Belfast Marathon, 30th April 2023

On 1st May 2022, I completed my first ever half marathon, in glamourous Gateshead. It was something of a slog, and I did not particularly enjoy it. A further three, more successful half marathons, and almost exactly a year later, I was lining up in Belfast to compete in my first marathon.

I flew over with a group of friends, 3 of us running the full distance, 5 competing in the relay team event. After a niggle over December/January had disrupted the start of my training, things had been going well, and I was feeling fairly confident. However, a week and a half from race day, a mysterious achilles/calf pain appeared. It was incredibly uncomfortable to run on, very sore after, so I rested completely for a week, afraid my plans had been scuppered.

I chose to use parkrun the day before as a tentative test run, meeting up with Chris Jones at Ormeau Park, where the marathon would finish the following day. Everything seemed ok, and I even ran the last km around race pace, with no obvious discomfort. Fears were somewhat allayed.

Sunday morning arrived, and 4 of us were dropped off near the Stormont Estate, the persistently heavy drizzle kindly stopping just in time for the start of the race. I positioned myself near the 3hr 30 pacers, that being my goal time, and we were off.

The first half marathon went well. I even found myself pulling away from the pacers after about 6km, though kept an eye on my watch to ensure I wasn’t getting carried away. Things felt easy, comfortable. It was overcast with little wind, great running conditions. It was curious passing the relay changeover points, as the waiting runners were spread out along the road for several hundred metres, craning their necks to try and spot their incoming team mate. The roadside support was as good as anything I’d seen during the Great North Run, the atmosphere was superb.

I crossed the halfway point in around 1hr 44, the same time I had completed that first Gateshead half in. Things were on track. At this point, the lower calf pain started to creep in, but it was manageable. Then around 25km, 2 hours in, an ugly nemesis struck again, somewhere around the storied Falls Road. Earlier flutters of a stitch had been successfully suppressed, but an all-too familiar stabbing pain worsened, to the point where slowing the pace wasn’t enough, and I had to walk, furiously stretching and massaging my abdomen. With a couple of quickly aborted attempts at resuming, I continued like this for close to 10 minutes, the pain failing to subside, cursing my luck.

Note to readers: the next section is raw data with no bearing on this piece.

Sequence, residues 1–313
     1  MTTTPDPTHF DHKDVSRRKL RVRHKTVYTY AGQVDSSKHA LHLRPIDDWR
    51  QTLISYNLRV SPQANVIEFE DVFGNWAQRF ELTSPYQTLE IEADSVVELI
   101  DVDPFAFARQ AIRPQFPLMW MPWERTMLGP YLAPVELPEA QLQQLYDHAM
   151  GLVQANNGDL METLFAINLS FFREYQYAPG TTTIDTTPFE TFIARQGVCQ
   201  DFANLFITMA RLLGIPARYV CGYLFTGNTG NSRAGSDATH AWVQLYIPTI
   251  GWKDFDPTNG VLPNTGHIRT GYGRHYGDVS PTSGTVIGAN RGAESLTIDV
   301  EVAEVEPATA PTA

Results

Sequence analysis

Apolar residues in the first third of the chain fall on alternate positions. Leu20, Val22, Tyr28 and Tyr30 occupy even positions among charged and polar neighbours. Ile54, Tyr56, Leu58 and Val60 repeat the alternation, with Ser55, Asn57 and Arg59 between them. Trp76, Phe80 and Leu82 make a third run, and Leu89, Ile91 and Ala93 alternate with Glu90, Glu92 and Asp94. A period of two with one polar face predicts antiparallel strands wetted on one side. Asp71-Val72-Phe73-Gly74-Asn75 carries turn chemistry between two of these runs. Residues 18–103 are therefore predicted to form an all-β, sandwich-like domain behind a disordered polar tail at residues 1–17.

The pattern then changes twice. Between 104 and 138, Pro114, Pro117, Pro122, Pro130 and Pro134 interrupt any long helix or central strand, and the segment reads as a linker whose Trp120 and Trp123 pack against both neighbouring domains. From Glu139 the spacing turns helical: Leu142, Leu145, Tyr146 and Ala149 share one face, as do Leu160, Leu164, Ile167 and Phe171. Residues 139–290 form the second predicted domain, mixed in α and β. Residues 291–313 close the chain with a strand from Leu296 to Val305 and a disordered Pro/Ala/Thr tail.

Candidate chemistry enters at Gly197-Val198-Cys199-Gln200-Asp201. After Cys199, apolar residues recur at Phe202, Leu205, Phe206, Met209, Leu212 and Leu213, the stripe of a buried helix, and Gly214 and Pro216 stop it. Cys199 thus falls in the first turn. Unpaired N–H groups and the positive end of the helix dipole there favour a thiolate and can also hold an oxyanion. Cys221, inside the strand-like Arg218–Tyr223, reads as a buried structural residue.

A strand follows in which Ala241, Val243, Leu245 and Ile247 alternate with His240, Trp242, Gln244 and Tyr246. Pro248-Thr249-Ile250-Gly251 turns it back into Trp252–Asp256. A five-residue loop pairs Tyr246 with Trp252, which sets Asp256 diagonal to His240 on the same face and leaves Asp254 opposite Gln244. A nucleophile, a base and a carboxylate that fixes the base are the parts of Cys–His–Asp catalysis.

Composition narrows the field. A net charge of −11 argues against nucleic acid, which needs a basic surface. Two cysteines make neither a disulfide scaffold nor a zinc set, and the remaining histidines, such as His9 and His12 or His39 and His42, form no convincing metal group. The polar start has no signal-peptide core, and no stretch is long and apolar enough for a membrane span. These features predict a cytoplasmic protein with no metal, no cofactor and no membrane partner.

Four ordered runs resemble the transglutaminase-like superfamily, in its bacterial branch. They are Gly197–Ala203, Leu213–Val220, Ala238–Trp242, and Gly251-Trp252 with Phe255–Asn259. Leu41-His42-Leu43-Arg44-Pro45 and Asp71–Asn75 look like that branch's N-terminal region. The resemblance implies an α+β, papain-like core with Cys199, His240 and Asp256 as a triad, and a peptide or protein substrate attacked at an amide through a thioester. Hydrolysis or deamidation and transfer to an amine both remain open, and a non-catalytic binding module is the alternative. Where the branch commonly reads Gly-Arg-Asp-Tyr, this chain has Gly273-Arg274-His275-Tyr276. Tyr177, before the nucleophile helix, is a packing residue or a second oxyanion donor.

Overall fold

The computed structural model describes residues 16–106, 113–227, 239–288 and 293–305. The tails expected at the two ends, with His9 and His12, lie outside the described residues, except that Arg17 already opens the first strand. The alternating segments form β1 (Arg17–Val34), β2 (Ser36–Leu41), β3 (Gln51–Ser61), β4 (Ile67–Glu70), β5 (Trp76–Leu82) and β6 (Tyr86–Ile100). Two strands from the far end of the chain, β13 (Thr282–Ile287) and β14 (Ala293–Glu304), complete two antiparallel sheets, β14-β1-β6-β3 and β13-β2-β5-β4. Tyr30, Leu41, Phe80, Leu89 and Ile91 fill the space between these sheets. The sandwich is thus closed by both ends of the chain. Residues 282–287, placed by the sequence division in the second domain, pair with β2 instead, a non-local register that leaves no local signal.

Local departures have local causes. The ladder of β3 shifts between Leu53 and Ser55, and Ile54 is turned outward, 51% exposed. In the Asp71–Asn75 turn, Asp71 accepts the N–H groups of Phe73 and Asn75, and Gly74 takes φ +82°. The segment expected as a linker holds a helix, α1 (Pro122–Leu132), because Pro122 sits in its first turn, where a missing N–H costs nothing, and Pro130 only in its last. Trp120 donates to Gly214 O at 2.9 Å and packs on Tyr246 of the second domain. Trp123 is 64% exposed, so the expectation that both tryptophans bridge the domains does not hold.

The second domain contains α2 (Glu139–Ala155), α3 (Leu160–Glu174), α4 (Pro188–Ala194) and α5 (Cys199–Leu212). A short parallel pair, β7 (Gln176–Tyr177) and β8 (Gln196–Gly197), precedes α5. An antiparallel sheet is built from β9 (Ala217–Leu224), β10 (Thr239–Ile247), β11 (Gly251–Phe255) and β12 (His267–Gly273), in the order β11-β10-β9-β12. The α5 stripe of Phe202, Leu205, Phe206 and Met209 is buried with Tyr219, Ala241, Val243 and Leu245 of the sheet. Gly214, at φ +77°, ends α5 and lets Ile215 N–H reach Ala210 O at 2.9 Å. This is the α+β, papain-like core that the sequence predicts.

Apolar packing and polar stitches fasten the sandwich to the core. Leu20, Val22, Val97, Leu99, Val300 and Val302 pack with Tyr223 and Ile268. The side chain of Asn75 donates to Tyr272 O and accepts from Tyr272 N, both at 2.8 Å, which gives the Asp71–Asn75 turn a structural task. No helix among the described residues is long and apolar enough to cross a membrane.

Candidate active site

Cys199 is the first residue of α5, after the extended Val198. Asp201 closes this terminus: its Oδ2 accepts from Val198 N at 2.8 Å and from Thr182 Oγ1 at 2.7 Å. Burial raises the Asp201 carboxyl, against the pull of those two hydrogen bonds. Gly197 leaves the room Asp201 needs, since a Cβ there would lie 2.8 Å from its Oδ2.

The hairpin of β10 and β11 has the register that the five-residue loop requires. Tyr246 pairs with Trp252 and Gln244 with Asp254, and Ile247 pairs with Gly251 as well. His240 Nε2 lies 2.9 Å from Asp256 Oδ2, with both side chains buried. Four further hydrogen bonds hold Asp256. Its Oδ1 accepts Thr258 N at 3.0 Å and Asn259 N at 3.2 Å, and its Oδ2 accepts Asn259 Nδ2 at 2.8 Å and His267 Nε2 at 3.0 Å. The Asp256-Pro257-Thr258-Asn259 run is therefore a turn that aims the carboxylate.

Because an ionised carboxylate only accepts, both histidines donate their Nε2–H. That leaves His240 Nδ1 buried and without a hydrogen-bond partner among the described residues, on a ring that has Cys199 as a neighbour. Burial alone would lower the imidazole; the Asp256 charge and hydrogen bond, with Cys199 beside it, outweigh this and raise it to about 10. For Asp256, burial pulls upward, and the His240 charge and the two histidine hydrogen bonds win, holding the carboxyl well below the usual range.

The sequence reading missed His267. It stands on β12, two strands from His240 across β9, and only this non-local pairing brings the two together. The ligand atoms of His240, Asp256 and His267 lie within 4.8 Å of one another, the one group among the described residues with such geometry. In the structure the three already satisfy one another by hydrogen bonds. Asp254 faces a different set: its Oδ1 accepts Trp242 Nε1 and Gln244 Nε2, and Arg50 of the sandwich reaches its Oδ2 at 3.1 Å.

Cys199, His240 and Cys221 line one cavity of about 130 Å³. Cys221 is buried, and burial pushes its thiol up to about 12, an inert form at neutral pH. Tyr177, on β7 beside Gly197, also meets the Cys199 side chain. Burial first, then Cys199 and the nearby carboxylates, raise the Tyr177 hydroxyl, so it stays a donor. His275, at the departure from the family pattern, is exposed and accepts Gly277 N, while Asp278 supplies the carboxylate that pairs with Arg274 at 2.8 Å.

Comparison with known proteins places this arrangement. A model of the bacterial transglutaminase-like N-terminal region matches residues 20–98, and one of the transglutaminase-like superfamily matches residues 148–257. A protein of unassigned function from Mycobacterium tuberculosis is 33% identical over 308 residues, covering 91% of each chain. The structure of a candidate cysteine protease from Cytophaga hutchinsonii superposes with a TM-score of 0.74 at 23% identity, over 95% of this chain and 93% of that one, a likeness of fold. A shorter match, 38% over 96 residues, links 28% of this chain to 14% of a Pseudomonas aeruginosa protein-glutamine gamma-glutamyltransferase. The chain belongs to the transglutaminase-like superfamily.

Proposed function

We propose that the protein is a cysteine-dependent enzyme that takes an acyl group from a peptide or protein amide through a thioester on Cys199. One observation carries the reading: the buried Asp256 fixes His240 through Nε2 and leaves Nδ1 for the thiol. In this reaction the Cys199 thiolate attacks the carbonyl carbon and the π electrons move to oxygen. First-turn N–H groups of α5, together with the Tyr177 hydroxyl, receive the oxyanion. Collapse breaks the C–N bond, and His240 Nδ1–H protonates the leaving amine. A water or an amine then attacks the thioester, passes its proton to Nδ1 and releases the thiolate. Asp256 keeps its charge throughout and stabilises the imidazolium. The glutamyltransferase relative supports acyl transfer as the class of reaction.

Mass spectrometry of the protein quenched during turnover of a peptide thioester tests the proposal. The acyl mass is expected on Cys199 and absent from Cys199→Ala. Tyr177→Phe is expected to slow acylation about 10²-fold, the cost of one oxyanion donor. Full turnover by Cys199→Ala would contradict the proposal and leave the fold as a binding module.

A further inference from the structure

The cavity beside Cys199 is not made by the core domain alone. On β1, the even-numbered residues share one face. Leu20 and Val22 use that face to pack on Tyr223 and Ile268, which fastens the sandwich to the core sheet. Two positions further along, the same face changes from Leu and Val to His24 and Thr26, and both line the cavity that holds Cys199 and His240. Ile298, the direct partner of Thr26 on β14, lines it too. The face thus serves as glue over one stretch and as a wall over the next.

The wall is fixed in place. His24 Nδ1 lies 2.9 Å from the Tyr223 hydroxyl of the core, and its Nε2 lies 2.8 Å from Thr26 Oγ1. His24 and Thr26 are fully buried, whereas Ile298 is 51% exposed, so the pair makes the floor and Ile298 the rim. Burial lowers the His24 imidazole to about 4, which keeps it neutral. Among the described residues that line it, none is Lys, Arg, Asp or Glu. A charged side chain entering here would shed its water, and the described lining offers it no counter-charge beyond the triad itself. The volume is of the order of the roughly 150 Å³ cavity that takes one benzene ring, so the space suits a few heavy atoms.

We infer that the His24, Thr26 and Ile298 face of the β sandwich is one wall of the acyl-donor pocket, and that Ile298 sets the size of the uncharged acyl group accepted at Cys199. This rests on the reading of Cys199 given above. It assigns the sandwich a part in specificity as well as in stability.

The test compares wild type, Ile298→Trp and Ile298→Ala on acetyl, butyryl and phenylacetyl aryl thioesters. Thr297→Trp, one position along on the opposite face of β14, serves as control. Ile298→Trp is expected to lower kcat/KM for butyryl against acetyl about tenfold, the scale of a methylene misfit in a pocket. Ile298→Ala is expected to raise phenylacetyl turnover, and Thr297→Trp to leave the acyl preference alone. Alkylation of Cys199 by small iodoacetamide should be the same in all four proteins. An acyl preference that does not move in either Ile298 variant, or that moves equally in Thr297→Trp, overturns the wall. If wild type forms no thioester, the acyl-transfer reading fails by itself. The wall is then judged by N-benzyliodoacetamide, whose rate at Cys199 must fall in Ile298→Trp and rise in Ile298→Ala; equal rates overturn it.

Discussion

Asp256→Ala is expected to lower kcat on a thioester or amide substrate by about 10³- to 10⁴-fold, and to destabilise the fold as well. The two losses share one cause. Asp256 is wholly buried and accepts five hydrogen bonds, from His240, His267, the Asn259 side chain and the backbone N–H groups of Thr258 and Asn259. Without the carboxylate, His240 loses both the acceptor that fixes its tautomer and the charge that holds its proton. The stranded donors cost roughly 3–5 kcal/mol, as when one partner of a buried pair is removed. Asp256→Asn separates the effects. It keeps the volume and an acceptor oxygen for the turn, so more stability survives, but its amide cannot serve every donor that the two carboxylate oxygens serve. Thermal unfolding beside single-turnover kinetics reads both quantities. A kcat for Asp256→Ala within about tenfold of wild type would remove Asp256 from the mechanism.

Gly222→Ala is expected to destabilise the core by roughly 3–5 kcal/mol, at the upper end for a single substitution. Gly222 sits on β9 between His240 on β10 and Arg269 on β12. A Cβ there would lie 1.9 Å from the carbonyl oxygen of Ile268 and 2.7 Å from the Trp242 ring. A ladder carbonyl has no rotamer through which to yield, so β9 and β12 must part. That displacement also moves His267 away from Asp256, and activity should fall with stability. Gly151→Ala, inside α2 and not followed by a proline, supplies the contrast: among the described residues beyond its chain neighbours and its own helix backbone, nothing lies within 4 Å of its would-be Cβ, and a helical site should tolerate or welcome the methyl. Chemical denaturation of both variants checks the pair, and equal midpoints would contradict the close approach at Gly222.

The 3:30 pacers had passed me only 3 or 4 minutes into this frustrating spell, so my goal was out the window. I eventually managed to resume running, at a reduced pace to keep the lingering stitch at bay, determined to quash my disappointment and finish the thing.

It was something of a slow collapse, like a deflating bouncy castle. Whether the loss of momentum was partly to blame or not I’ll never know, but my legs gradually grew heavier, the aches and pains more excruciating, and the last 7km or so especially just became an exercise in keeping one foot in front of the other, knowing that if I stopped, I’d likely not get going again. One silver lining was that my slowed pace meant I wasn’t overly bothered by the emergent sun now beating down.

About a kilometre from the finish, the 3:45 pacers passed me. I couldn’t have attempted to keep up with them if I’d wanted to, as I was moving at about 6:00 /km pace by this point. I managed to find a reserve from somewhere to speed up from my shambling jog in the final straight, crossing the finish line exhausted and relieved, 15 minutes off my target.

The fun wasn’t over though. We’d arranged for the first relay runner to collect our bags from the first changeover point, however I’d cleverly left my phone in said bag, and had no way to contact them. I’d seen them cheering me on about 3km from the end on the Ormeau Road, so after 20 minutes of wearingly staggering around near the finish, futilely scanning the masses, I made my way across the park to try and locate them.

Unfortunately, after walking most of the way up the road I realised they had definitely moved. I then retraced my steps, still clad in only my Claremont vest and shorts and starting to shiver. Walking back through the park, a brief but heavy downpour started, and I began to seriously wonder how far I might be from hypothermia, fantasising about kind strangers offering me their jackets.

Making it back to the finish area, I finally spotted two of my relay friends by the information/first aid cabin, looking somewhat anguished. I was draped in two large jackets and made to sit down and swig a large energy drink, a good hour and a half after finishing the race.

Later on, limbs throbbing, but full of pizza and garlic mushrooms, I was able to look back on the race and result, and reflect that I could be proud of the achievement. I’m genuinely not sure it’s something I want to do again, as even if things had gone according to plan, I don’t know that the reward and experience is worth the amount of all-consuming training required. I’m glad I’ve managed to complete a marathon, but I think the half-distance is more my speed, feel I’m not really built for endurance!

Overall a great weekend, and congratulations to all my friends, marathon and relay-runners alike!

Laurie Johnson -